Opinion: A court pays too much attention to Trump’s big mouth

Chief Judge Roger Gregory of the U.S. 4th Circuit Court of Appeals wrote that Trump’s executive order “drips with religious intolerance.”
(Steve Helber / Associated Press)

While President Trump was in Europe, some judges – he might call them so-called judges – on a federal appeals court in Richmond, Va., refused to reinstate the second version of his executive order temporarily limiting entry to the United States from a handful of majority-Muslim countries.

The decision may be poetic justice for a president who as a candidate stupidly proposed to ban all members of the Muslim faith from entering the United States. But it’s less impressive as actual justice.

Let’s be clear: As policy, it’s hard to defend the revised order. Although it’s less sweeping than the original version that caused chaos in airports in January by stranding travelers, its utility has been questioned by national security experts and it seems designed primarily to fulfill Trump’s promise to impose “extreme vetting” on people his base regards as potential terrorists.


But the question for the U.S. 4th Circuit Court of Appeals wasn’t whether the order was good policy but whether it raised serious enough constitutional questions that it should remain unenforced. On that question, 10 of 13 judges ruled against the administration.

Writing for the majority, Chief Judge Roger L. Gregory wrote that the order “in context drips with religious intolerance, animus and discrimination” and thus likely violates the 1st Amendment’s ban on an “establishment of religion.”

Gregory’s opinion is eloquent but unpersuasive. Reading it reminded me that among the many sins for which Trump will have to answer will be stupid utterances and initiatives that led judges to punish him with poorly reasoned rulings.

Gregory’s ruling essentially hangs on a familiar, and superficially plausible, argument: that the order is a sanitized version of Trump’s notorious proposal in December 2015 for a “total and complete shutdown of Muslims entering the United States until our country’s representatives can figure out what the hell is going on.”

In addition to the shutdown proposal, Gregory cites comments by Trump in interviews that “I think Islam hates us” and that America “can’t allow people coming into the country who have this hatred.”


These and other statements, Gregory concludes, are proof of “anti-Muslim sentiment” on Trump’s part. It was to effectuate that prejudice, not to protect national security, that the executive order was supposedly issued. That, the judge suggests, indicates “bad faith,” and Gregory notes that in a 2015 case Justice Anthony Kennedy indicated that courts may look beyond a “facially legitimate” exercise of the president’s immigration authority to detect an impermissible motive.

The court’s other evidence that the order was a pretext for religious bias is that some national security experts disputed the administration’s decision as to which countries whose residents it would temporarily prevent from coming to the United States. Gregory cites a friend-of-the-court brief by former national security officials that notes that no American had died as the result of a terrorist attack by a citizen of one of the six nations on the list in the last 40 years. This, Gregory said, proved that “ any national security justification for [the executive order] was “secondary to its primary religious purpose.”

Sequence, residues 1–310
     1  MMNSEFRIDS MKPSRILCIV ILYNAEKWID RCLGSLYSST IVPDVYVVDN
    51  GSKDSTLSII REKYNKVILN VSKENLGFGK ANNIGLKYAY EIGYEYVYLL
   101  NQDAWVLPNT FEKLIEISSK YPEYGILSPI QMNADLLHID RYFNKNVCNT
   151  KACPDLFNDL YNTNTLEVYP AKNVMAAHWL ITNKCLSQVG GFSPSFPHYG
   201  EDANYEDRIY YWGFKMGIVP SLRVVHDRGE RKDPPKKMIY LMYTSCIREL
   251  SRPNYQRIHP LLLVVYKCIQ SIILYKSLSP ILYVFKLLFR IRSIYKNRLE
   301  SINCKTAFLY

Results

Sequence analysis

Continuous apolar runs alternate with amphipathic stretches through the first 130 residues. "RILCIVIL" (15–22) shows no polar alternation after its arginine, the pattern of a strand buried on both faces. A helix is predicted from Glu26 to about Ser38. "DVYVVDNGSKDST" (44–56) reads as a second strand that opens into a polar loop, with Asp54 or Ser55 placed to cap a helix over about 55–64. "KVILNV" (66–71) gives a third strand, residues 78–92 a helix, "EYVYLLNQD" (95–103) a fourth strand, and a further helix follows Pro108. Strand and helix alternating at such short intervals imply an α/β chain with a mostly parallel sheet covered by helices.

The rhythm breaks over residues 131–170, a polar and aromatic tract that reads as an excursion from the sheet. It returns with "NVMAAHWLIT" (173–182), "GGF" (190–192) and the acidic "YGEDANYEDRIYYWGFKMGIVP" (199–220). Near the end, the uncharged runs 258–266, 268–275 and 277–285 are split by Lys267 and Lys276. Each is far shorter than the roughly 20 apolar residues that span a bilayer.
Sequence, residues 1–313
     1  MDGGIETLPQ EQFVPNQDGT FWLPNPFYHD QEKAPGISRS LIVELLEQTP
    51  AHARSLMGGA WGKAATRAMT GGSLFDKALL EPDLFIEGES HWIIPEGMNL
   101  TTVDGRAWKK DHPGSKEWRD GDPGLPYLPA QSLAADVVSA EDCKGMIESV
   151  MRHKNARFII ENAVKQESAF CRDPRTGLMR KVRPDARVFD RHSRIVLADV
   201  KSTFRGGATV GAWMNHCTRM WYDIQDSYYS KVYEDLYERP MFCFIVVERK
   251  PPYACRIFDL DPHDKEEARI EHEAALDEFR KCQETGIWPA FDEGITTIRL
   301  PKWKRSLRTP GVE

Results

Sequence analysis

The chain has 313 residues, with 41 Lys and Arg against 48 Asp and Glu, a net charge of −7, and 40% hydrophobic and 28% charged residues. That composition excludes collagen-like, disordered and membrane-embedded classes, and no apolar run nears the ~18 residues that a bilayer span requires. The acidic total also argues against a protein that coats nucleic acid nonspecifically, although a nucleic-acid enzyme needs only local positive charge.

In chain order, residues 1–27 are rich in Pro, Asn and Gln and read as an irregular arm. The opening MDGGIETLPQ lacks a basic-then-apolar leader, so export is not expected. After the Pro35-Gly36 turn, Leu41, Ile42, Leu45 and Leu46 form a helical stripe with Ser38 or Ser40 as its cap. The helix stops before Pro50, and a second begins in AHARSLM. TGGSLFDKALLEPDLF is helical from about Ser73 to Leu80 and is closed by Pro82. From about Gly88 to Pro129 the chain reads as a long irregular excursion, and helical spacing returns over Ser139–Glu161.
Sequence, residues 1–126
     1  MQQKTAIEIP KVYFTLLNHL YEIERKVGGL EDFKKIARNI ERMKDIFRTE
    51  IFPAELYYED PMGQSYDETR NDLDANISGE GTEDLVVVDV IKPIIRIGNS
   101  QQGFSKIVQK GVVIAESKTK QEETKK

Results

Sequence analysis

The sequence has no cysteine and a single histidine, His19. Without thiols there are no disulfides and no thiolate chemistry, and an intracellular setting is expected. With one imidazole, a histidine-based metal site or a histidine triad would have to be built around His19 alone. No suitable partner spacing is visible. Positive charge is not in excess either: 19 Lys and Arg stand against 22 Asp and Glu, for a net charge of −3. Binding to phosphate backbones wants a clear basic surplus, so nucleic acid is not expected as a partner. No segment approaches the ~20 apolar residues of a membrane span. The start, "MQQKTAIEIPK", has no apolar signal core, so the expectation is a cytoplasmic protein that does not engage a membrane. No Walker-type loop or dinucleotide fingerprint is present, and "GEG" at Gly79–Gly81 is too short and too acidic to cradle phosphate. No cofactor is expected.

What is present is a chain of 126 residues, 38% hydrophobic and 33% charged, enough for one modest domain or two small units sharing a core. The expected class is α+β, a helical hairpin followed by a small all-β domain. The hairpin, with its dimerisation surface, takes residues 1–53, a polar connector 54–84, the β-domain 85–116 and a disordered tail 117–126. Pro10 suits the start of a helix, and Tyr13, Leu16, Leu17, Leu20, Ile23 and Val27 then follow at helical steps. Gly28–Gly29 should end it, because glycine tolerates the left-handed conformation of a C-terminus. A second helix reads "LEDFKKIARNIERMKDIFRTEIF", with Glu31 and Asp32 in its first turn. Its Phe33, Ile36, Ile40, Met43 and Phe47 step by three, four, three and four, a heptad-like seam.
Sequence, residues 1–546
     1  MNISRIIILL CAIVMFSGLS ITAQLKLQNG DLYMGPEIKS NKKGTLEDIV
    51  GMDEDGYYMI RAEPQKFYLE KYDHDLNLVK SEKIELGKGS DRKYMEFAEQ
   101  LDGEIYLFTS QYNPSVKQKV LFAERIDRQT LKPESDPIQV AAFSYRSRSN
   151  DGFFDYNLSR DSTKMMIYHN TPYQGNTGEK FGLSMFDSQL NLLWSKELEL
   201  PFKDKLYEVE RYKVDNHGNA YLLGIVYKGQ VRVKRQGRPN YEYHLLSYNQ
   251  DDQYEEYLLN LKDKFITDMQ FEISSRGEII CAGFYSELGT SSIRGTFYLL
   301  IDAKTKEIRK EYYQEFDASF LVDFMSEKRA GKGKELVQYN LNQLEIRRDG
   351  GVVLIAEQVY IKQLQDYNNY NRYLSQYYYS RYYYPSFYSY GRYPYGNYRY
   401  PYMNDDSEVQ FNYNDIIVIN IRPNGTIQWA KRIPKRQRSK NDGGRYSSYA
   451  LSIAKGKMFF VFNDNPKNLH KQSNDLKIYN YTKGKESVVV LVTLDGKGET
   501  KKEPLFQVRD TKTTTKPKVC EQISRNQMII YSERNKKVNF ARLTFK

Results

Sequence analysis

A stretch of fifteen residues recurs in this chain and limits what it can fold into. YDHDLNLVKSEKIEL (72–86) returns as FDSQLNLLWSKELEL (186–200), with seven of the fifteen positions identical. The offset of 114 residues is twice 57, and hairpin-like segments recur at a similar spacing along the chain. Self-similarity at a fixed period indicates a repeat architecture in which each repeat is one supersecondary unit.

Two problems here:

First, you can always find former officials who will dispute the wisdom of a particular administration’s policy when it comes to immigration or anything else. It’s possible that Trump’s executive order is stupid and ineffective and still within his authority – and still not a pretext for religious bias.

Second, the court is wrong, I think, in seeing Trump’s call for a temporary “shutdown” of Muslim immigration as a manifestation of religious hatred rather than an impulsive (and idiotic) exercise in what lawyers call over-inclusiveness.

The terrorists Trump was worried about were Muslims, so he decided to “err on the safe side” and propose to ban all Muslims. It was as if a politician in Britain in the 1970s or 1980s, when the IRA was committing horrific terrorist attacks there, proposed a temporary “shutdown” on Irishmen entering the UK. Also idiotic, but evidence of anti-Irish animus?

After Trump was rightly savaged for his absurd Muslim ban, he backed down and embraced a more targeted approach. He backed down again after the courts ruled against the original version of his executive order, removing, for example, language that seemed to provide a preference for Christian refugees. But the lesson of the 4th Circuit decision is that any official action he takes in the area of immigration will be judged on the basis of his most extreme campaign rhetoric.


That’s a really troubling legal standard. In his dissenting opinion, Judge Paul V. Niemeyer pithily explains why:

“Because of their nature, campaign statements are unbounded resources by which to find intent of various kinds. They are often shorthand for larger ideas; they are explained, modified, retracted and amplified as they are repeated and as new circumstances and arguments arise. And they are often ambiguous. A court applying the majority’s new rule could thus have free rein to select whichever expression of a candidate’s developing ideas best supports its desired conclusion.

“Moreover, opening the door to the use of campaign statements to inform the text of later executive orders has no rational limit. If a court, dredging through the myriad remarks of a campaign, fails to find material to produce the desired outcome, what stops it from probing deeper to find statements from a previous campaign, or from a previous business conference, or from college?”

Or, the judge might have added, from an episode of “The Apprentice”?

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